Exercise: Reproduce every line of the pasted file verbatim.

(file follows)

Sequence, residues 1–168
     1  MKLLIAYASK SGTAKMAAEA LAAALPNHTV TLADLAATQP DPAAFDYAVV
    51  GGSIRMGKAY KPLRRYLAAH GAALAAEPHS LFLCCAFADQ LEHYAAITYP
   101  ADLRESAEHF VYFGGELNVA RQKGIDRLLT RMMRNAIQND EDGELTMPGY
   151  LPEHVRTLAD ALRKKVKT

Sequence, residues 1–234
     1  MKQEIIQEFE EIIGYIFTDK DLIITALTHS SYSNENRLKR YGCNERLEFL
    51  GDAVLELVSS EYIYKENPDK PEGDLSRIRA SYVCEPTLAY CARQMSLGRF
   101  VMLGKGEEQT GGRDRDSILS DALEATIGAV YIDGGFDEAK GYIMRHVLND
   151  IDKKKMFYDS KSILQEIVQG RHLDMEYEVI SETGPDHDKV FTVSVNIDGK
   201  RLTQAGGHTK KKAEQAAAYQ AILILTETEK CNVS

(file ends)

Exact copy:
Sequence, residues 1–168
     1  MKLLIAYASK SGTAKMAAEA LAAALPNHTV TLADLAATQP DPAAFDYAVV
    51  GGSIRMGKAY KPLRRYLAAH GAALAAEPHS LFLCCAFADQ LEHYAAITYP
   101  ADLRESAEHF VYFGGELNVA RQKGIDRLLT RMMRNAIQND EDGELTMPGY
   151  LPEHVRTLAD ALRKKVKT

Sequence, residues 1–234
     1  MKQEIIQEFE EIIGYIFTDK DLIITALTHS SYSNENRLKR YGCNERLEFL
    51  GDAVLELVSS EYIYKENPDK PEGDLSRIRA SYVCEPTLAY CARQMSLGRF
   101  VMLGKGEEQT GGRDRDSILS DALEATIGAV YIDGGFDEAK GYIMRHVLND
   151  IDKKKMFYDS KSILQEIVQG RHLDMEYEVI SETGPDHDKV FTVSVNIDGK
   201  RLTQAGGHTK KKAEQAAAYQ AILILTETEK CNVS